There have been several cases of bad faith in trademarks in Colombia. Here are a few notable examples:
- Soccer team logos: In 2015, the Colombian soccer team Atletico Nacional discovered that a third party had registered the trademark for their logo. The individual intended to profit from unauthorized merchandise sales using the team’s brand. The team had to file a lawsuit to regain control of their trademark.
- Famous brand imitations: In 2019, a Colombian company registered the trademark “Adidas Coffee” for its coffee brand. This attempt to associate their product with the well-known sportswear brand Adidas was seen as an act of bad faith. Adidas filed a complaint, and the trademark was eventually cancelled.
- Domain name registrations: There have been instances where individuals or companies registered domain names similar to established brands in an attempt to mislead consumers or extort money. For example, a person registered the domain name “cocacolacolombia.com” and offered to sell it to the Coca-Cola Company at an inflated price.
- Squatting on trademarks: Some individuals purposely register trademarks of existing businesses with the intention of selling them back at a higher price. In 2018, a person registered the trademark “Musical.ly” in Colombia before the app gained popularity. The trademark was later sold to the app’s owners, who rebranded it as TikTok.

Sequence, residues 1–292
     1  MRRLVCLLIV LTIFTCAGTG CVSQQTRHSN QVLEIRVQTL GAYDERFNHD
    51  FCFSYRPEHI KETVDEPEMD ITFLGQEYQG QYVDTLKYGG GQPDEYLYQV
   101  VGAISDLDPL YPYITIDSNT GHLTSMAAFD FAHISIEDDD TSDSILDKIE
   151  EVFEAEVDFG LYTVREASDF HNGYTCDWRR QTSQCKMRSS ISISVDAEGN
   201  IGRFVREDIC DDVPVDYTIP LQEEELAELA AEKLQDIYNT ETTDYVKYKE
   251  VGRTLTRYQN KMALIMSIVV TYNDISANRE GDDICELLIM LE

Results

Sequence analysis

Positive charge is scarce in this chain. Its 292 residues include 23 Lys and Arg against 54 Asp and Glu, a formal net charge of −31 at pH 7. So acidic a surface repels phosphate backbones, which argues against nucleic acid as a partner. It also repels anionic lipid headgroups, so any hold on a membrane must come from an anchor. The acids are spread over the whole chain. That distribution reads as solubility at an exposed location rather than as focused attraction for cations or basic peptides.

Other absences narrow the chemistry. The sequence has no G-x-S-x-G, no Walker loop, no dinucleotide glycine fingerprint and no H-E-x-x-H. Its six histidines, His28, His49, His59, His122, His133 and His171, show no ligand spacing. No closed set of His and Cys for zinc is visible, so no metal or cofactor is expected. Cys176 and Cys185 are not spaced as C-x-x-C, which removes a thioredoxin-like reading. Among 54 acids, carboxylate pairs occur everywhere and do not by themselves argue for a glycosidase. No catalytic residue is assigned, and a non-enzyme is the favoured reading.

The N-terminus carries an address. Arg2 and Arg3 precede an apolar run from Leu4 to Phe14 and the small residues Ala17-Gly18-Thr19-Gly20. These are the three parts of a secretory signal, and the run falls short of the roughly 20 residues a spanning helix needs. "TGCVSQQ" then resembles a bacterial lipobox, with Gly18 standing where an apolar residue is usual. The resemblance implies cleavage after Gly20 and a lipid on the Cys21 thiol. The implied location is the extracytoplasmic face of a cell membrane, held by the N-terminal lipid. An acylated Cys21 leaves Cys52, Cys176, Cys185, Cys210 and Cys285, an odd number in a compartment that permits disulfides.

These cases illustrate the presence of bad faith practices in trademark registrations in Colombia. The authorities and brand owners need to be vigilant in detecting and addressing these attempts to exploit established brands for personal gain.
In summary, to protect a trademark in Latin America from China, it is important to first register the trademark in China, research availability in Latin America.
Register the trademark in each destination country, monitor its use, and retain an intellectual property attorney in case of legal problems.